Counterpoint Research, which on Monday noted that ARM owns more than a third of the market for semiconductor IP and is well placed as that market enjoys 11 percent compound annual growth to reach $8.6 billion per year by 2025.
It said that the rise of RISC-V cannot be ignored.
"In fact, RISC-V is now a rising star in the industry, largely due to its open-source advantage, better power consumption performance promise [and] reliable security functions.”
The firm predicts RISC-V could pick up 25 percent of the Internet of Things market by 2025.
But what makes it more interesting is that the architecture's open-source status means policies that prevent proprietary tech being transferred to China won't be easy to apply.
Counterpoint research director Dale Gai said that the global economic uncertainty and trade tensions between the US, China and Taiwan will accelerate localisation of the semiconductor supply chain.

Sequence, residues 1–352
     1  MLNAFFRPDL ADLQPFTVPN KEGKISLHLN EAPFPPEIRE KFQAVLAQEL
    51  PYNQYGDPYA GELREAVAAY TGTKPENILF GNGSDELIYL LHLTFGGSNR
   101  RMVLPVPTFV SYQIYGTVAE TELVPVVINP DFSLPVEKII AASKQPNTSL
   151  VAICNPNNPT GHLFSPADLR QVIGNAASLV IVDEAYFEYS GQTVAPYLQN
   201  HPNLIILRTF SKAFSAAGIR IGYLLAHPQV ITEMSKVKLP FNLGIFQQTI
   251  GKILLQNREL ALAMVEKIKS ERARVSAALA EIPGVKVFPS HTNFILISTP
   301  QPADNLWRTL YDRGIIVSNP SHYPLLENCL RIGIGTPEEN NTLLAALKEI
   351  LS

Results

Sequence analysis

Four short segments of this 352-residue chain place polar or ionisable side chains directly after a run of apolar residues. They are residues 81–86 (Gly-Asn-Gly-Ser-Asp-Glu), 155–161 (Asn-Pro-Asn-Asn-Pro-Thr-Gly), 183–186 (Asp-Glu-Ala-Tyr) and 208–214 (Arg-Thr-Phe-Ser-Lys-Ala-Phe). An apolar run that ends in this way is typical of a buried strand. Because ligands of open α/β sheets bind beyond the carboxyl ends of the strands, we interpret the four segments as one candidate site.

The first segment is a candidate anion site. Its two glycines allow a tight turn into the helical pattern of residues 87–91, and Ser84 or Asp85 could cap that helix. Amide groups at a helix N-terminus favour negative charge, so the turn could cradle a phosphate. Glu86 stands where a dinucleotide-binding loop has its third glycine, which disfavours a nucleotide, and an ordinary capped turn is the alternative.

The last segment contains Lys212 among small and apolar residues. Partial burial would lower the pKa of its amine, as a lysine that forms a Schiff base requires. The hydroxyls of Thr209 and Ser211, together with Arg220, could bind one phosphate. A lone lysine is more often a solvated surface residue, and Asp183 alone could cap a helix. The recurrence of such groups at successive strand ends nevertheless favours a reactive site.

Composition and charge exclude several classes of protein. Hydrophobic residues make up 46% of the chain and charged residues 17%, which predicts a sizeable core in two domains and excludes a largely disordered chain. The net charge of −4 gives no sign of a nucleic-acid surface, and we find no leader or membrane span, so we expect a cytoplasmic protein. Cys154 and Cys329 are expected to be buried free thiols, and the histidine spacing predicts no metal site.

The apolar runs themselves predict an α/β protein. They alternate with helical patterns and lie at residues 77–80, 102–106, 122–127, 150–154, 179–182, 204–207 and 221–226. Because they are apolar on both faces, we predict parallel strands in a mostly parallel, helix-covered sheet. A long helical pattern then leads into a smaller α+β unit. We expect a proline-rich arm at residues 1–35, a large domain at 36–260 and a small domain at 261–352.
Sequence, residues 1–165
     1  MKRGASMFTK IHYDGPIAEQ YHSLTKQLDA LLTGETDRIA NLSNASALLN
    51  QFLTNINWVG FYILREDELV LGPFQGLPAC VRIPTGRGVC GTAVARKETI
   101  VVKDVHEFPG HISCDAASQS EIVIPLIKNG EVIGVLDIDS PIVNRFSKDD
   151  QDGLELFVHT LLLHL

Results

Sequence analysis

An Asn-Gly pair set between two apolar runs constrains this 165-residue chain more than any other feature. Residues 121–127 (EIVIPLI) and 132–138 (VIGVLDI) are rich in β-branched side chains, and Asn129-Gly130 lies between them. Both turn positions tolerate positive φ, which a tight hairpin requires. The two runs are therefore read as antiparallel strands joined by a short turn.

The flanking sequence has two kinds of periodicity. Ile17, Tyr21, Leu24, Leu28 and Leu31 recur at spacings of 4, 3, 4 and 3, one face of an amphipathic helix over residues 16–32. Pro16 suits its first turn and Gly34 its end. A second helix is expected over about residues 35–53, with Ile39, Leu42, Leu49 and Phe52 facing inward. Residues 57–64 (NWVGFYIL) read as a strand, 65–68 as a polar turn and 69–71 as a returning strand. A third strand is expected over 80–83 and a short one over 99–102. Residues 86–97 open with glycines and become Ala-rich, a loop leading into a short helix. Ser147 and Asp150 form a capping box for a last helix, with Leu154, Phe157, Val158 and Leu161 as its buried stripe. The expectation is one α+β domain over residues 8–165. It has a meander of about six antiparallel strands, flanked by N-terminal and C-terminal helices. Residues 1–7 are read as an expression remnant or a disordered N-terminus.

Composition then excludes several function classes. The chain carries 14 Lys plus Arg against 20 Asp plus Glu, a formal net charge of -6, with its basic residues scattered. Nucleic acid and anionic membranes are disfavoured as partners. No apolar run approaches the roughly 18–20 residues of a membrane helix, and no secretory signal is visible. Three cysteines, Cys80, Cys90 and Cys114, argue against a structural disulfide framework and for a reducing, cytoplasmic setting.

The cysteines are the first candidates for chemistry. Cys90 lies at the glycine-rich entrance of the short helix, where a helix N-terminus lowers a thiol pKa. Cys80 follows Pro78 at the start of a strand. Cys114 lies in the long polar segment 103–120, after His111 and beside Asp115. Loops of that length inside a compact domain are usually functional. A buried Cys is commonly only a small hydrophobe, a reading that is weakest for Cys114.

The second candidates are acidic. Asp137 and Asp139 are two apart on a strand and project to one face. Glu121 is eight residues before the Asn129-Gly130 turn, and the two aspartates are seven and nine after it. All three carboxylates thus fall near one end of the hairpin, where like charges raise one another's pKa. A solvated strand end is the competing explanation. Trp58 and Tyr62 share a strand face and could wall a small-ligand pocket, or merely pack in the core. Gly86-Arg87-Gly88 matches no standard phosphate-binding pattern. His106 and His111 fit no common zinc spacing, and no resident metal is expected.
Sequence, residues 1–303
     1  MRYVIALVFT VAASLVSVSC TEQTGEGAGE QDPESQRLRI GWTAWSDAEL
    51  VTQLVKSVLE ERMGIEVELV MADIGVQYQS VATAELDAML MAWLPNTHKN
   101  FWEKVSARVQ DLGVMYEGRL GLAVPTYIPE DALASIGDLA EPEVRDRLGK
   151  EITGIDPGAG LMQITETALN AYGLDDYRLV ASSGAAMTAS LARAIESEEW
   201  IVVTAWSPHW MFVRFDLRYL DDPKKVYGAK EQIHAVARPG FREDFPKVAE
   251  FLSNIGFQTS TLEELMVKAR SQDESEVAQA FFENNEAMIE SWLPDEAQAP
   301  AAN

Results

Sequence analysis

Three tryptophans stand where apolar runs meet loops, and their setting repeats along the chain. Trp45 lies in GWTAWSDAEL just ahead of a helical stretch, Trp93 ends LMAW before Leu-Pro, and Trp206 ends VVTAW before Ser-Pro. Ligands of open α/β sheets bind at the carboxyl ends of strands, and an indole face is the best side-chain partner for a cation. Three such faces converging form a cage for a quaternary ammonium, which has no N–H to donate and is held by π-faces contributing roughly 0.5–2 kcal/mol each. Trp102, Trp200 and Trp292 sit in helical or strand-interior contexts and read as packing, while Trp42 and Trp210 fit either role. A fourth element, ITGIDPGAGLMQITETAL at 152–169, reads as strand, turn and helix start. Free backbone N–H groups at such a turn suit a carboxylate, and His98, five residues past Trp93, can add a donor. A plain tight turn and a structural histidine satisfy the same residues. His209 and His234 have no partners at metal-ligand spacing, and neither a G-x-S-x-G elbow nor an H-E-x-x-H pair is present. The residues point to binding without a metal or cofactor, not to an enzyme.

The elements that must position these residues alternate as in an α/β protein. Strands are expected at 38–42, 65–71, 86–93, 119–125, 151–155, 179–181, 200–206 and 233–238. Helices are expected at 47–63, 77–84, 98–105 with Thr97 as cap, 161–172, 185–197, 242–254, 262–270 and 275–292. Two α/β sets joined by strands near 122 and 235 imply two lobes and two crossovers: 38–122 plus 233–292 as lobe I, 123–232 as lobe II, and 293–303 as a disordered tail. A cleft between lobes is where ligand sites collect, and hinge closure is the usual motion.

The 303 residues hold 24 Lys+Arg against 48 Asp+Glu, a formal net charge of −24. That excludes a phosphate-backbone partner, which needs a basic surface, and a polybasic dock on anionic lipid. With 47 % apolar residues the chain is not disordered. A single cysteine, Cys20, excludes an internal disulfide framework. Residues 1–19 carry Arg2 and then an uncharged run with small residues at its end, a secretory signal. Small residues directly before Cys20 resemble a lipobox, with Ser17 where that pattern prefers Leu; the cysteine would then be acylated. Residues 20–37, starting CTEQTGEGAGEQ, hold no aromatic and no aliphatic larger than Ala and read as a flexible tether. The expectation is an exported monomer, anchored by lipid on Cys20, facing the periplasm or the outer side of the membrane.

"With over 70 percent of RISC-V premier members coming from China, their efforts for semiconductor expansion will reinforce China's IP library and IC design capability, shape the supply chain, scale dynamics and extend RISC-V's footprint across different product categories.
"This will call for a checkpoint in future on how the RISC-V ecosystem evolves, with success conditional to the diversity of members, respective contributions and geographical influence."
Gai didn't explain what such a "checkpoint" would achieve and did not detail how "geographical influence" of a China-dominated RISC-V ecosystem could become a problem.
What it could mean is that China's government could direct its chipmakers to focus on certain designs for domestic use, such a development would stymie development of the global RISC-V ecosystem.